The Intellectual Ventures model has made some people nervous, especially the massing of a large patent portfolio that could be used in litigation (as the Journal article and a piece I posted last year relate). But Myhrvold says he is trying to help inventors and to create a more liquid market for intellectual property. If they do that, then they will be moving the innovation process along. If they end up simply suing everyone and blocking innovation, then they are a problem. Right now, the evidence seems to be on the former.
So, for now – more power to them.
I’ve posted items in the past about how the model of the music business needs to change. One version is the record label as full scale promoter (as I discussed earlier this year). A story in yesterday’s New York Times —
The New Deal: Band as Brand explains about the “360 contract” and how it is helping one new band, “Paramore”.
Though its success is in large part due to smart pop songwriting and a fashion-forward frontwoman, music executives and talent managers also cite Paramore as a promising example of a rising new model for developing talent, one in which artists share not just revenue from their album sales but concert, merchandise and other earnings with their label in exchange for more comprehensive career support.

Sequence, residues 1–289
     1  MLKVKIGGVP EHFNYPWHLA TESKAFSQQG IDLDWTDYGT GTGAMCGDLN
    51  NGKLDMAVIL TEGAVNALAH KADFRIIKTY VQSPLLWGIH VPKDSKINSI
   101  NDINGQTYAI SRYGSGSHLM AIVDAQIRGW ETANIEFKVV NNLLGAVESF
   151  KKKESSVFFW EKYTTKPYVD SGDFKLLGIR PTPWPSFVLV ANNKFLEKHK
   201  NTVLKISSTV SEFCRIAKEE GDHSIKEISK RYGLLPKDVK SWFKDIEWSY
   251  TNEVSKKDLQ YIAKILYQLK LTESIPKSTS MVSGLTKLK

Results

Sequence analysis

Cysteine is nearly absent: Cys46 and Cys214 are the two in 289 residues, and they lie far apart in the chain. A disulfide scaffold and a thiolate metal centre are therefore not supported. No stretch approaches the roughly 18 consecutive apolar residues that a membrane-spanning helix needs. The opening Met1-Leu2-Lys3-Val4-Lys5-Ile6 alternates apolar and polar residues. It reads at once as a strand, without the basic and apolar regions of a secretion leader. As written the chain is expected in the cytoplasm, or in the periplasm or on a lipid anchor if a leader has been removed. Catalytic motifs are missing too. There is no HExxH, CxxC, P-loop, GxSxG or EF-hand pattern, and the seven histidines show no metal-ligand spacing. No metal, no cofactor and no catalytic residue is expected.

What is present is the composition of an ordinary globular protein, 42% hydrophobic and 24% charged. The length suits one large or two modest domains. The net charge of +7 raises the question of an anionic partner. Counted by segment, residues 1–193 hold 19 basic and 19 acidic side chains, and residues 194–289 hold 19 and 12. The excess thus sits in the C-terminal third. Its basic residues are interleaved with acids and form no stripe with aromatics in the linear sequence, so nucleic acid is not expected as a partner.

If the concept takes hold, it will alter not only the way music companies make money but the way new talent is groomed, and perhaps even the kind of acts that are offered contracts in the first place.
Commonly known as “multiple rights” or “360” deals, the new pacts emerged in an early iteration with the deal that Robbie Williams, the British pop singer signed with EMI in 2002. They are now used by all the major record labels and even a few independents. Madonna has been the most prominent artist to sign on (her recent $120 million deal with the concert promoter Live Nation allows it to share in her future earnings), but the majority of these new deals are made with unknown acts.